Penticton Western News letters to the editor.

Letter: Bias or ignorance?

Letter: Bias or ignorance?

The letter (Penticton Western News, Dec. 8, Pomp and ceremony) critical of the ‘pomp and ceremony’ which surrounded the murder of Const. John Davidson of the Abbostford Police Service obviously didn’t seem to understand the public’s reaction to this senseless killing.

The letter is extremely ignorant as to what happened and why. The public’s reaction to this killing was not some orchestrated event. It was, in fact, a deep and genuine acknowledgment and outpouring of emotion of the fact that someone who had taken an oath ‘to serve and to protect’ them had been taken.

Const. Davidson was one of them. He was someone who lived and worked in their community and faced all the trials and tribulations that they faced in everyday life. He had gone to work that day with every expectation of returning to his loved ones at the end of that day. Just as the letter writer had. The difference was that he did not return and the reason was that he had attempted to protect them from the actions of a deranged individual. Const. Davidson was not above or below them, just simply ‘one of them’ with an added responsibility to protect them. Their reaction was sincere, heartfelt and spontaneous.

The letter writer seems to think that certain words are the same. The ignorance of the difference between soldier and a police officer are regrettable. The two occupations are not even similar. A soldier is tried, with the exception of the more recent role of Peacekeeper, basically to kill. He volunteers to go to a foreign land to fight for global peace. This is a very noble profession and an important role on the world stage. At the present time it mainly involves the containment or eradication of Islamic extremism. Each and every solder who is killed in a foreign land is returned to Canada with full military honours by their regiment, hometown etc. Witness the mass turnout of civilians on the Highway of Heroes near Toronto.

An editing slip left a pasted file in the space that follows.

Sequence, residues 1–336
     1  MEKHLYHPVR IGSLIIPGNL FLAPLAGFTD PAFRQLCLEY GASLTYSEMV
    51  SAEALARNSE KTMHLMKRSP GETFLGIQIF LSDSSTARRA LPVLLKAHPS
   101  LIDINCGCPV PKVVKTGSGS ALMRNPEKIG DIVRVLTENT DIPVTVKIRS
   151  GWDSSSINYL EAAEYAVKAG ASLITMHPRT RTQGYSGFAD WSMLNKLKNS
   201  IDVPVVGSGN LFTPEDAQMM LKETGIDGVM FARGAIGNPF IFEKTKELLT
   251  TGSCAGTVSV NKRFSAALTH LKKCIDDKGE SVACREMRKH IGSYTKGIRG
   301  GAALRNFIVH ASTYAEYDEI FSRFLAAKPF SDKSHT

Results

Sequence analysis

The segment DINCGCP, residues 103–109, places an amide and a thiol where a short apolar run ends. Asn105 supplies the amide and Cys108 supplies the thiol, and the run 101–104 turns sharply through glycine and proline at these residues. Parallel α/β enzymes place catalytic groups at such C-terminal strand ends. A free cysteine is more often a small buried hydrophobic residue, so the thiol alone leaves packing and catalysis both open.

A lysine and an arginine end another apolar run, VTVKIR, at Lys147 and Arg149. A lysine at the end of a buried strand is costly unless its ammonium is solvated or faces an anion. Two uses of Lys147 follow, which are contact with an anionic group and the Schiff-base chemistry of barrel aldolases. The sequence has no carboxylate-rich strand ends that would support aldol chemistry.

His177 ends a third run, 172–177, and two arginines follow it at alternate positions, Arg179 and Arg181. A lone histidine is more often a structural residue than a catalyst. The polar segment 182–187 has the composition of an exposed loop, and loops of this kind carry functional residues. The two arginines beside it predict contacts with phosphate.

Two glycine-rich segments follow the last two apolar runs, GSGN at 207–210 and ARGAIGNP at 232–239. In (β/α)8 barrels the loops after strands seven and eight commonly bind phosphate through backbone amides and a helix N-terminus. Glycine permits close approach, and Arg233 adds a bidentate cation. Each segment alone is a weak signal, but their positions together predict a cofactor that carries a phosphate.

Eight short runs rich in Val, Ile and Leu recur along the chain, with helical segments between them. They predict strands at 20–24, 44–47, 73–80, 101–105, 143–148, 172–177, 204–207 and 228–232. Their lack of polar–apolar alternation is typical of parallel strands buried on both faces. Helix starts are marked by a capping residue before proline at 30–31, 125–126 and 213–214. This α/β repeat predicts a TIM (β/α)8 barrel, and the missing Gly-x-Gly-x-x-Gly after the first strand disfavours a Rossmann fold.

A police officer on the other hand is trained to ‘serve and protect’ the public in their local community. yes, they will learn how to confront and control danger but the role is to serve the public and protect them and their property — very different from soldiering.

No police officer expects to be killed, although, they are more prepared for that eventuality. Being alive, of course, means that we will face death at sometime but should we die in an accident we are not by definition killed. Yes, dying in an accident means no pomp and ceremony or bigger and better show (so callous) but each and everyone of us lives with that possibility — although, understandably, it is usually far from our mind. We too also just wish to go home at the end of the day.

Kerry Baxter

Penticton

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